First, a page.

Depending on the size of your home and the distance between your water heater and your faucets, there may be a delay before hot water reaches you. If you find yourself waiting for a few minutes every morning while your shower water heats up, you may want to consider a hot water recirculating system.
The EPA estimates that a standard showerhead uses 2.5 gallons of water per minute. That means if you run your water for three minutes while you wait for it to heat up each morning, you’re wasting 2,737 gallons of water per year! Now, multiply that by the number of people in your family. That’s a LOT of wasted water!
What is a Hot Water Recirculating System?
Think about how your existing plumbing works. When you turn on your faucet, the cold water in your pipes flows out first. While you wait for the hot water to move from your water heater to the faucet, the cold water flows down your drain, unused. In addition to wasting water, this process also wastes money.
A hot water recirculating system moves water through your pipes so hot water is available immediately. This can save you a lot of money on your water bill since you won’t be running it while you wait for the water to warm up.
If you don’t like the idea of flushing your money down your pipes, consider installing a hot water recirculating system.
Types of Recirculating Systems
Before you take the leap and call your plumber to schedule installation, consider the types of systems available to you.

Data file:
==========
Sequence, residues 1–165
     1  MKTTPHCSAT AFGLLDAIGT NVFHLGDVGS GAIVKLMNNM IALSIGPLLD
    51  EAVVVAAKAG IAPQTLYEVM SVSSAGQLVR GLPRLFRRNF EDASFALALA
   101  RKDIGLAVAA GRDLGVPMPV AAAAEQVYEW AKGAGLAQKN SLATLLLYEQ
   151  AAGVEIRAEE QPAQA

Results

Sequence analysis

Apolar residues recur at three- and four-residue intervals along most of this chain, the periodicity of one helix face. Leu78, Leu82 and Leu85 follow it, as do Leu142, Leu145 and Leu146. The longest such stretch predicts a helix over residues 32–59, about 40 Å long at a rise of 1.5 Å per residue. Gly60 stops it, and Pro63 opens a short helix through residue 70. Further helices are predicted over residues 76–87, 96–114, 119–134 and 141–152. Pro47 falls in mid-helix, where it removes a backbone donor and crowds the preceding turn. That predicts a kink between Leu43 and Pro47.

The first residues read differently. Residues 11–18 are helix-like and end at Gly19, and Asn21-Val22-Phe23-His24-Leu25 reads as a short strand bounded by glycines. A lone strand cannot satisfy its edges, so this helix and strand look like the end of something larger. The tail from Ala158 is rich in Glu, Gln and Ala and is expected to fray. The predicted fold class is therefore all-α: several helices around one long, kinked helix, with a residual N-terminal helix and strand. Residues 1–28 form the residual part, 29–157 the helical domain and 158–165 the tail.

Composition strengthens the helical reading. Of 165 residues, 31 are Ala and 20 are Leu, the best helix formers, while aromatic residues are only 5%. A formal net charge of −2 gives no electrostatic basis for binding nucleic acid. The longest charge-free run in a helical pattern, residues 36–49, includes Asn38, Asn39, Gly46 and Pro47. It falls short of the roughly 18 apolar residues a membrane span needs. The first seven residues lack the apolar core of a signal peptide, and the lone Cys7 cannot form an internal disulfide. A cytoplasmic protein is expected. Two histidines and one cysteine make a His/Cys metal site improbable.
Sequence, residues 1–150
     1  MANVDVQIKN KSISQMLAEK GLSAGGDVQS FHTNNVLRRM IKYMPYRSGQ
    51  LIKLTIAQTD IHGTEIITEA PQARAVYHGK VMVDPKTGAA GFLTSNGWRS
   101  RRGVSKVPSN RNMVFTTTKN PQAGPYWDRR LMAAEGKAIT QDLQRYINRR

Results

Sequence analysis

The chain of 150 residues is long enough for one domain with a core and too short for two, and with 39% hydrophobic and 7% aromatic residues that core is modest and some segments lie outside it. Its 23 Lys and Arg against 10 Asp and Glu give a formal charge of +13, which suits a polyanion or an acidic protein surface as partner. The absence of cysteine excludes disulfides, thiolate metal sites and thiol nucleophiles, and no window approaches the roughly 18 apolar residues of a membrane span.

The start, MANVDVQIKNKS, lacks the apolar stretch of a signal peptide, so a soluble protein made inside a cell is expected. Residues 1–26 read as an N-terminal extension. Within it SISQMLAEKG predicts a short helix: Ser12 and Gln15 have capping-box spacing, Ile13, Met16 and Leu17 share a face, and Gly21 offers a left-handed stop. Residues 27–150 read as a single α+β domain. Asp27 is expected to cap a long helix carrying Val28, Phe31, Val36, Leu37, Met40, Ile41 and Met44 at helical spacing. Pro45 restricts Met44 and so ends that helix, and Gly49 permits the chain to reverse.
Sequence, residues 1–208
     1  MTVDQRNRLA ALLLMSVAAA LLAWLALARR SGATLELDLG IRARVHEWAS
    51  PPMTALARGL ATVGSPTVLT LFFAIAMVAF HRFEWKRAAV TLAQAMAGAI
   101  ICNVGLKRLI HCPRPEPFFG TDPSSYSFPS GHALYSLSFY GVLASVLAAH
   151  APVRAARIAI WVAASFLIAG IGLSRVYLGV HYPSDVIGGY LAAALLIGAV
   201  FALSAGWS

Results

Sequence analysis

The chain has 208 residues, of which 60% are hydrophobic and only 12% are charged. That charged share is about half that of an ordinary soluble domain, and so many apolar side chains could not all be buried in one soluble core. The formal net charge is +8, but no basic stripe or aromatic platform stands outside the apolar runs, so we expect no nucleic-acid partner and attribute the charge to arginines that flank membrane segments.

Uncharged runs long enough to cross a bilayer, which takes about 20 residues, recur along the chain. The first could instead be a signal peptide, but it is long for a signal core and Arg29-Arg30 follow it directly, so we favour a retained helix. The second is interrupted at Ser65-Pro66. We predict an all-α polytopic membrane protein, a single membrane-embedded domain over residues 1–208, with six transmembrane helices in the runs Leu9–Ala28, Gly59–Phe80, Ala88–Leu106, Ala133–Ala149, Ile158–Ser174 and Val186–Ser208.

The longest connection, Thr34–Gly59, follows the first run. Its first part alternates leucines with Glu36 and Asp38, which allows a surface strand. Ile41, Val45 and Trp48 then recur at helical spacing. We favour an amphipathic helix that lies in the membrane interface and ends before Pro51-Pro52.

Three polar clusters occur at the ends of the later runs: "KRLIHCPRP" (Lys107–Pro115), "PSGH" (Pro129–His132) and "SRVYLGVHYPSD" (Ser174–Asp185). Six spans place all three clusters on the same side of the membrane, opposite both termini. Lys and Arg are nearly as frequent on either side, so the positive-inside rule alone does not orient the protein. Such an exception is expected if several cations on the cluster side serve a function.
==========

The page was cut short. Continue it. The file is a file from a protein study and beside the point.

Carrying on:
This system requires the plumber to mount a circulation pump on the pipe of your existing water heater. Then, a hot water pipe is installed in a loop throughout your home, going near each of your plumbing fixtures.
Your plumber will install a small pipe to connect the loop to the hot water valve at each plumbing fixture in your home. When you turn on your faucet, hot water will be immediately available.
Integrated loop hot water recirculating systems can be retrofitted into your existing system or installed during new construction. This system has a pump that a plumber installs under the farthest plumbing fixture from your water heater. It has a built-in sensor that switches the pump on when the water drops below 85 degrees. The pump will automatically shut off when the water temperature hits 95 degrees. Some newer systems are adjustable to a homeowner’s preference, between 77 and 104 degrees.